COMMENTARY

inclusion and excellence. But the views of NKC and UGC diverge at a deeper level. They have different perceptions on the synergies among these objectives. The NKC recommendations try to pit one objective against the other, and in the process, privilege the objectives of expansion and excellence at the expense of the objectives of equity and inclusion. The stress on a largely unregulated framework for encouraging private players and foreign collaboration in higher education and on maximisation of cost recovery from students is a reflection of the above strategy. The concern for equity is reduced to a concession for a minuscule minority of students in the form of scholarships. The offer of one lakh scholarships by the NKC would cover only 1 per cent of the present student population in higher education.

The UGC has made it clear that the objectives of expansion, inclusion and excellence are integral and complementary to one another. It is in recognition of such complementarities, the UGC has recommended that there should be greater focus on the establishment of new institutions in smaller towns, rural and remote areas and the backward regions where the gross enrolment ratio (GER) is lower than the national average. The recommendation for providing special assistance to the institutions located in underprivileged regions and also to those that have a higher proportion of social groups such as scheduled castes (SCs), scheduled tribes (STs), Other Backward Classes (OBCs), minorities, girls and physically challenged also underline the need for operationalising the ideal of inclusive development. The UGC conference has stressed the need for greater public funding and has virtually ruled out the possibilities for further enhancement of student fees.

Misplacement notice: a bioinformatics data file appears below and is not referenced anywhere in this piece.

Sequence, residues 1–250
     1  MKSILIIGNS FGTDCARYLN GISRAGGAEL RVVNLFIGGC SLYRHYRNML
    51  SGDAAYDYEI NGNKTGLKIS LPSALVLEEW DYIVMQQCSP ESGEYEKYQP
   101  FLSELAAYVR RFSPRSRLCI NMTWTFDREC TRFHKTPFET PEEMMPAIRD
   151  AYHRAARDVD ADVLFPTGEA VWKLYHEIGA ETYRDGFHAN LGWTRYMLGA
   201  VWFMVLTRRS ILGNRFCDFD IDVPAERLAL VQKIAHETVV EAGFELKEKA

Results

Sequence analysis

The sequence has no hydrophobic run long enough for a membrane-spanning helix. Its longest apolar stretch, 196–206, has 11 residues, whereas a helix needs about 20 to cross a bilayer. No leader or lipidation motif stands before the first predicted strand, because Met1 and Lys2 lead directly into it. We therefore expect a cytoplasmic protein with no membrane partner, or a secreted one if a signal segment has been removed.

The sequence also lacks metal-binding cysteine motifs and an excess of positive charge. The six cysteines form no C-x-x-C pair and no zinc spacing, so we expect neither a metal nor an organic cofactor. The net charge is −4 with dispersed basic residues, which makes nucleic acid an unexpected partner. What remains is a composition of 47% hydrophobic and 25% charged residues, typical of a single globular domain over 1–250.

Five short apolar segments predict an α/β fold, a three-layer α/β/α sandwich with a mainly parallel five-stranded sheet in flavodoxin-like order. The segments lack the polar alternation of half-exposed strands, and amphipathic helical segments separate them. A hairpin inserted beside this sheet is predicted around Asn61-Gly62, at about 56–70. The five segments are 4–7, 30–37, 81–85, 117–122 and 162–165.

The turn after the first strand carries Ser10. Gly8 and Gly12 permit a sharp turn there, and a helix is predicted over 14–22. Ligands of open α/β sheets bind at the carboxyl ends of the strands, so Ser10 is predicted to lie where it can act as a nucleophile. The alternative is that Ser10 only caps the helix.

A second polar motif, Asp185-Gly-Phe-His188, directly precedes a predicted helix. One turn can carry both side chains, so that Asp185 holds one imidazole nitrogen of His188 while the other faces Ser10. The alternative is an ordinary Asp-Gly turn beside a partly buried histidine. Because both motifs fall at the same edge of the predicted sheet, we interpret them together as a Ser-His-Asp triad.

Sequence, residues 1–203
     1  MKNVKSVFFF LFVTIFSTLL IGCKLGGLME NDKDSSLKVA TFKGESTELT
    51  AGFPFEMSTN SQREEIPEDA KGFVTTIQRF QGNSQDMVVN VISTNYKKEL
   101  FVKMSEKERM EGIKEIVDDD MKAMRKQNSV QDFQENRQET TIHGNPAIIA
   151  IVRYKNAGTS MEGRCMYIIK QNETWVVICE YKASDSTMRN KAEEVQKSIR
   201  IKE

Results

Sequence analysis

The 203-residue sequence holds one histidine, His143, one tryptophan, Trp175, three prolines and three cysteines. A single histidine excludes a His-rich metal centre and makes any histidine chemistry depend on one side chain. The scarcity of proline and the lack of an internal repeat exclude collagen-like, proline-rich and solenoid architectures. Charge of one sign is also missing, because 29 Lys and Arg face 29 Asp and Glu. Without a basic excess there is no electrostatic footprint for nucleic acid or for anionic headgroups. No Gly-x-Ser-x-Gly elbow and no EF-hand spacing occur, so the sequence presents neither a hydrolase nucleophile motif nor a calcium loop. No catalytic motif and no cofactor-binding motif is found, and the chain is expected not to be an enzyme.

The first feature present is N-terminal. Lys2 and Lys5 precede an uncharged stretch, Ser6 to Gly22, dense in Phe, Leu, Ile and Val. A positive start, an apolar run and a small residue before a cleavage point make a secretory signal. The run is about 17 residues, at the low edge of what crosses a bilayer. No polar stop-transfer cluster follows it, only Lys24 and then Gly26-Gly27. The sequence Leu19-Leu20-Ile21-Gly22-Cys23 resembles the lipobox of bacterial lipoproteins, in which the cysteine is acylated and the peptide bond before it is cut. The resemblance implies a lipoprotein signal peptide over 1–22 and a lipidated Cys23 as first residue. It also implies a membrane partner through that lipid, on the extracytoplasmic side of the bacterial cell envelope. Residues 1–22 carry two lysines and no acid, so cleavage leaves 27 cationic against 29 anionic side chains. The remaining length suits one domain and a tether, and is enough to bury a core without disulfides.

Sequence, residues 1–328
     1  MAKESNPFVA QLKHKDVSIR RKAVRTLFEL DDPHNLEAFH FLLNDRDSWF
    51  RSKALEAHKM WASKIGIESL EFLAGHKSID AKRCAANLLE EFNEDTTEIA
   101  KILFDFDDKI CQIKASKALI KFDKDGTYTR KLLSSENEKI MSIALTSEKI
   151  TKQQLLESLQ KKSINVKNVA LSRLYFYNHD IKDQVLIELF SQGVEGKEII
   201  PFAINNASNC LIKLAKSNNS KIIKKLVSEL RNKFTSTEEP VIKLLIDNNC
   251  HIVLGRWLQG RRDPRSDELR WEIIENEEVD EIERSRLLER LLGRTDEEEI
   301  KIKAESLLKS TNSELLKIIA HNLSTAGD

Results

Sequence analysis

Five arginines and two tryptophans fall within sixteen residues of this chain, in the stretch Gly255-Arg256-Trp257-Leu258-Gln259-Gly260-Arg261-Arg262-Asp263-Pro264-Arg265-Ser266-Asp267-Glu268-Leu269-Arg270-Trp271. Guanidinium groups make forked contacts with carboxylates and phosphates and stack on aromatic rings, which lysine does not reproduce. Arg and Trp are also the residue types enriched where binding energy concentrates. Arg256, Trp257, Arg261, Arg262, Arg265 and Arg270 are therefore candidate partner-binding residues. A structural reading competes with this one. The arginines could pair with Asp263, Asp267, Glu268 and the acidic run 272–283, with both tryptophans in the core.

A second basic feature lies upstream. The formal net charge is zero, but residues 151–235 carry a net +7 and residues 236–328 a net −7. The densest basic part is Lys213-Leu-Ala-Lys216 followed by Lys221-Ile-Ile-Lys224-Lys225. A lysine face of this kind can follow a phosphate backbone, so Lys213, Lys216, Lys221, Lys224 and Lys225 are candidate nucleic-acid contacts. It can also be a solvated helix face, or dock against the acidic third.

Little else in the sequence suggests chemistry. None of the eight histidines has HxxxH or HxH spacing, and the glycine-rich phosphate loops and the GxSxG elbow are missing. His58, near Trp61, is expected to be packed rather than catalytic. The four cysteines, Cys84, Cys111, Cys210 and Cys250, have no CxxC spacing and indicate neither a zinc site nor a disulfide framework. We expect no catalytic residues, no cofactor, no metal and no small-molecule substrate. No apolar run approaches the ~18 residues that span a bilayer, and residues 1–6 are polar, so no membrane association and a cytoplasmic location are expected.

National Universities

The NKC report has made a subtle distinction between different levels of excellence. It has recommended the establishment of 50 national universities which could function as “exemplars for the rest of the nation” and a large number of institutions across the country which could impart education at a lower level of excellence, obviously in imitation of the 50 national models of excellence. The national level universities will have the best of students selected from all over the country by following a needs-blind admission policy; they will also have the best of teachers by providing for an appropriate system of appointments and incentives. The national universities will not be burdened with affiliated colleges and will have a proper ambience for experimenting with the latest teaching-learning models. On the contrary, the rest of the universities will have only namesake modifications in their structure and teaching-learning practices. The UGC conference has now suggested a totally different strategy for development. Its emphasis is not on developing a few islands of excellence, but on uplifting average universities and colleges with the objective of reducing the quality gap among higher education institutions.